Based on team lists, prospect lists and my evaluations, here is the list of centres in order of importance to the team:
- Alex Kovalev
- Alex Tanguay
- Andrei Kostitsyn
- Chris Higgins
- Sergei Kostitsyn
- Tom Kostopoulos
- Guillaume Latendresse
- Georges Laraque
- Mathieu Danadenault
- Gregory Stewart
- Matt D'Agostini
- Max Pacioretty
- Thomas Beauregard
- JT Wyman
- Danny Kristo
- Alexandre Monohan
- Mike Glumac
- Ryan Flinn
Greg is first in line for one reason – he has shown he can do this. Last season's game against the Toronto Maple Leafs, Greg Stewart showed that he could bring a new level of energy and zip to the team.
In a little over a year, Stewart has gone from a nobody who looked to be redundant in an organisation carrying Garth Murray to a unique proposition. If I had to describe what he could bring, I'd have to say "A younger Begin". It doesn't tell you everything, but it gives the feel. Greg is actually bigger than begin, though I suspect from his career stats, a little less talented around the net. The thing is, there is room for a player like Begin/Stewart, but probably only one. Given Begin is a known quantity, that means Stewart has his work cut out for him.
Thc West Island Chronicle (of all papers – I used to deliver this to Mr. Skrudland) tells us that:
Gregory Stewart says he cut out "a month of boozing" from his summer ritual to get ready for Habs camp.
They go on to say the sober reality is that he will probably start in Hamilton, but I think he has a chance. As I said Begin is a known quantity, and one of his known traits of late has been to get injured about every second appearance. It would certainly be nice to have a durable alternative to Steve on tap. That, for me is Mr. Stewart at the moment.
He appears at first on this list precisely because all smart money is on Begin to be the first player going on the wing for the Habs to get injured, and thus making way for Stewart to ride shot-gun in the press box for a while.
Greg's 2007-08 Review
When Greg Stewart took his opportunity in April and made hay, D'Agostini made little to no impression at all (at least on me). This is fine, though, as first NHL games are not the place to judge a prospect (unless it's Stewart and I feel like it).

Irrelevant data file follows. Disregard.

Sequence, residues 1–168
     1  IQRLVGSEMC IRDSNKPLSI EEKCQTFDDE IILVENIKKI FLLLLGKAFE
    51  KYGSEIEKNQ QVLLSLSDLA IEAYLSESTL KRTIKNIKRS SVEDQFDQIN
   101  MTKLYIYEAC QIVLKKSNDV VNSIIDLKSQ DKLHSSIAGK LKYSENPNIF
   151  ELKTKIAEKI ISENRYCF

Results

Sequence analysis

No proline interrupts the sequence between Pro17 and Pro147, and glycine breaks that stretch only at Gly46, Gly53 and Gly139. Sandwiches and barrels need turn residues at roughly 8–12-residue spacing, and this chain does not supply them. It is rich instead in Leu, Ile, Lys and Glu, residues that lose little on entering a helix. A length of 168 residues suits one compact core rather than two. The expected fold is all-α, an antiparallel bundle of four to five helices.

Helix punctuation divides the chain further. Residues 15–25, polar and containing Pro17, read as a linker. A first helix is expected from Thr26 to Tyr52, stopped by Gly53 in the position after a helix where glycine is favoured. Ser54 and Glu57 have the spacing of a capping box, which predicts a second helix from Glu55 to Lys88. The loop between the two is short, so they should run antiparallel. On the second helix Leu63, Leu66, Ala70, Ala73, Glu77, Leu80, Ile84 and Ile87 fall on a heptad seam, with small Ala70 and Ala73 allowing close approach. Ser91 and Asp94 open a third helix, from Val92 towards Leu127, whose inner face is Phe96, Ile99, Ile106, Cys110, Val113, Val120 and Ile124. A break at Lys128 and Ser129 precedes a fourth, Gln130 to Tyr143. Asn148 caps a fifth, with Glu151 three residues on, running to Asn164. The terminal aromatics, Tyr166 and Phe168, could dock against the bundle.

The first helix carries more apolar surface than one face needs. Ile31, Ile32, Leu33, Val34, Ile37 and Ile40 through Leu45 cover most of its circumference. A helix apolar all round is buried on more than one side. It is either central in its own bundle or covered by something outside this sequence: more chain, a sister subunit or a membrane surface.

Matt D'Agostini is the next winger down in what I would only describe as a shallow pool of talent for the Canadiens. He has earned the place on the depth chart by being the best player left from Hamilton last season. And he does is with respectable, though a long way from spectacular, numbers.
Matt played 76 games in the AHL, most on the first line, and came away with 23 goals. It would be alright if offence wasn't meant to be the reason we were interested in the first place. But, from the Canadiens point of view, it is somewhat shocking that we can talk about depth when this is one of the pieces we are talking about.
Those who disagree with this viewpoint are more optimistic. Habster at AllHabs, for example, thinks that with his quick shot, Matt D'Agostini can be a quicker version of Michael Ryder. I can tell you that is the most optimistic outlook possible. Ryder scored nearly 140 goals in junior to Matt's round 49. D'Agositin is looking at third line on a good team (that's what we hope we are now). He has talent enough to fill in when necessary, but is not a long-term threat to the the Kostitsyns livelihood, I don't think.
But enough negativity. To be fair to D'Agostini, he is what he is – a late round draft pick trying to improve his game in the AHL in the hope of one day playing in the big leagues. He is doing a good job at progressing too, as he is matching his junior outputs in the AHL. I think another season will do him a world of good, particularly on the top line. And, it will allow the Canadiens time to judge whether they have a late bloomer on their hands.